AS WE GATHER today on town squares and parade down Main Street to proclaim our 229th birthday, let us pause to consider the wild horse -- the great American icon, the fleet-footed wind-drinker that our country rode in on. Pressed into service by the thousands, the wild horse blazed our trails, fought our wars, spilled rivers of blood. Often our cavalry horses were known by number only. Sometimes they had names. I speak of Comanche, a mustang that fought with Custer at the Battle of the Little Big Horn. It was 1876, the year of our centennial, on June 25, that Custer made his famous last stand.
Two days later, General Terry's command arrived and saw the horror -- no survivors, to a man, and all except Custer himself horribly mutilated. Many horses lay dead or dying; some had been killed by their own men to serve as breastworks. But amid the carnage, there appeared a miracle: a badly wounded horse, bleeding from seven bullet holes, still standing with his head low, in the cottonwoods along the banks of the Little Big Horn River. Should he be shot? One man said no, perhaps longing for a survivor on this field of death, and sensing that the horse could endure.
The horse was Comanche, named, according to legend, for the courage he exhibited when a farrier removed an arrowhead from his flank after he was wounded by Indians during a previous battle. Comanche was taken by steamer to Fort Lincoln, nursed back to health, transferred to Fort Riley and retired with honors. ''. . . His kind treatment and comfort should be a matter of special pride," stated General Order No. 7. ''. . . Though wounded and scarred, his very silence speaks more eloquently than words of the desperate struggle in which all went down that day."
On July 4, 1876, as word of the Custer massacre reverberated across the land, our traditional birthday parties became assemblies of grief. But there was hope -- Comanche had lived, and through him so had the country's dream of the frontier.
Poems about the great equine warrior were penned, in honor of ''the lone survivor of the Battle of the Little Big Horn" -- a label that of course was not true, given that there were many Native American survivors and, as it would turn out, cavalry horses that had escaped and run off with Indian ponies, back to the range where they came from. Never to run free again, Comanche -- ''the great silent witness" -- could enter and leave his stall at will. Like many soldiers, he developed a taste for beer. In 1891, soon after the death of his long-time caretaker, he died at the age of 29.
At the time, 2 million wild horses roamed the West. By 1950, there were 50,000. Today, there are perhaps 28,000. What happened? World War I, the pet food industry, and cattle ranchers, who contend that wild horses steal food from cows, and just may, under the Bush administration, finally realize their dream of seeing wild horses permanently wiped from public lands.
In the old days they hired contractors to gun down wild horses and bring them the ears. Today, Big Beef influences senators and representatives in both parties, as well as the Bureau of Land Management, the agency that is supposed to protect the wild horse. During the Bush administration, the mustang has been hit with an onslaught of vicious legislation and voracious round-ups whose aim is to extirpate the wild horse -- federally protected since 1971 -- even if it means sending them to the slaughterhouse.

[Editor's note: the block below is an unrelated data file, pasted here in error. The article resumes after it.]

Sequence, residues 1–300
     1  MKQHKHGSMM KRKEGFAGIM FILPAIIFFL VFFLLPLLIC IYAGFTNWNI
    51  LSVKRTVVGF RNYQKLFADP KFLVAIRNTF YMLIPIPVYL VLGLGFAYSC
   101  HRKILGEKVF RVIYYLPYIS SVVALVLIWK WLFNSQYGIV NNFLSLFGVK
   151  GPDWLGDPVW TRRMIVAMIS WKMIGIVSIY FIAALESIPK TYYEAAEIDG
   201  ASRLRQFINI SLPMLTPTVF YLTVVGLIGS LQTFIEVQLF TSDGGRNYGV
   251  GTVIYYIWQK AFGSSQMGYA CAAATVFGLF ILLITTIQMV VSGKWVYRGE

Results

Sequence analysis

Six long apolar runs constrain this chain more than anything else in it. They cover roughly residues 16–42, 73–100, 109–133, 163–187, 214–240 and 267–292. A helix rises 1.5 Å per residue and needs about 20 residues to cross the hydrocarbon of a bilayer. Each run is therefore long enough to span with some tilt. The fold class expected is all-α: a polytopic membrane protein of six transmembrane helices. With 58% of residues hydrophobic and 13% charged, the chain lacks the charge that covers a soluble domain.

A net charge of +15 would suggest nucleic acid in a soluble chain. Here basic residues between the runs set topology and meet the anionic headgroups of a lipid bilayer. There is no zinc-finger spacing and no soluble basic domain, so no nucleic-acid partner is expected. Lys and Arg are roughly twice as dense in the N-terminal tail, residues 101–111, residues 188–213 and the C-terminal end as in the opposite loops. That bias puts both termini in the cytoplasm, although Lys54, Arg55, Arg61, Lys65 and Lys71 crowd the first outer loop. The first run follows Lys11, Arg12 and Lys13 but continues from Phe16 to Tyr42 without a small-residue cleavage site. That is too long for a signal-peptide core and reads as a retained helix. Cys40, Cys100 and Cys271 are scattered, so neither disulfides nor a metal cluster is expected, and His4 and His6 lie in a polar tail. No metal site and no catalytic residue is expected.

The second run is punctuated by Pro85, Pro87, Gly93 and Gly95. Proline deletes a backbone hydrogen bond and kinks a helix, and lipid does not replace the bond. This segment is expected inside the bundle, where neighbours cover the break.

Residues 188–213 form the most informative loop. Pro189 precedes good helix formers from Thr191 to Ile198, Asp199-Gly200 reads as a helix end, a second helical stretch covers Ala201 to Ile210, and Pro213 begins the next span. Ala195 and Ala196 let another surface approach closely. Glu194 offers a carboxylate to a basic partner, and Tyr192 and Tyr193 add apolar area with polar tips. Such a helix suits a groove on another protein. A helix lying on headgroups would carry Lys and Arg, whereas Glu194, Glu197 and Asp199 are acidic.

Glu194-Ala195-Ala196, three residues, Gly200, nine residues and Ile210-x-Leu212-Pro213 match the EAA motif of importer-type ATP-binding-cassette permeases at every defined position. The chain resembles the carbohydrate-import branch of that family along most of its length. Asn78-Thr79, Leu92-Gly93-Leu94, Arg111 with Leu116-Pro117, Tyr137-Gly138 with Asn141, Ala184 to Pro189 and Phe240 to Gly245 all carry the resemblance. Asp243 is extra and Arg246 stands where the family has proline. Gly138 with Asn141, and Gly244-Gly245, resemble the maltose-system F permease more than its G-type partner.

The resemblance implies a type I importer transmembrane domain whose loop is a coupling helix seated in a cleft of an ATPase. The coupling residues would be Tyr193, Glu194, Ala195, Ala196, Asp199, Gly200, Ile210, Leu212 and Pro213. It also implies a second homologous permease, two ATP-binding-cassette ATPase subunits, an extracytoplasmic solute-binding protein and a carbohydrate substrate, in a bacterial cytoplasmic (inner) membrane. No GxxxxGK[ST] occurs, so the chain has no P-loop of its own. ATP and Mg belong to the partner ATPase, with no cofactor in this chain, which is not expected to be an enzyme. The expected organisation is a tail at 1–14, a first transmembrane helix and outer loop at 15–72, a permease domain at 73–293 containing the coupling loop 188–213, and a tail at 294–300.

This year, 10,000 wild horses are scheduled for removal; 5,000 are already gone. Many wild horse advocates fear such a reduction will take herds to the brink of extinction. Recently, the Bureau of Land Management announced that grazing restrictions had been lifted. This is another death knell for mustangs, often fenced off from water by public lands ranchers who claim they must have it for their 3 million cows, which study after study -- including the government's own -- show are destroying the wilderness.
Two scientists have come forward and stated that the Bush administration rewrote their findings in order to lift the restrictions. When asked about the new policy, Kathleen Clarke, director of at the Bureau of Land Management, offered this: ''Grazing is a proud heritage of the West."
Alas, those who wrap themselves in Old Glory while at the same time obliterating our heritage are about to prevail. Their policies defile the four-leggeds who carried us on their backs to our home on the range. When we watch the sparks in the sky tonight, let us never forget that America was born in the fireworks of hoof to stone as the message of revolution thundered across the land. A mustang isn't just a car -- on June 25, 1876, it was the only thing standing -- and it gave us a reason to continue. Let freedom for the wild horse ring. Stop the round-ups and end the stampede. And let's all have a beer for Comanche.
Deanne Stillman, author of ''Twentynine Palms," is writing a book ''Horse Latitudes: Last Stand for the Wild Horse in the American West."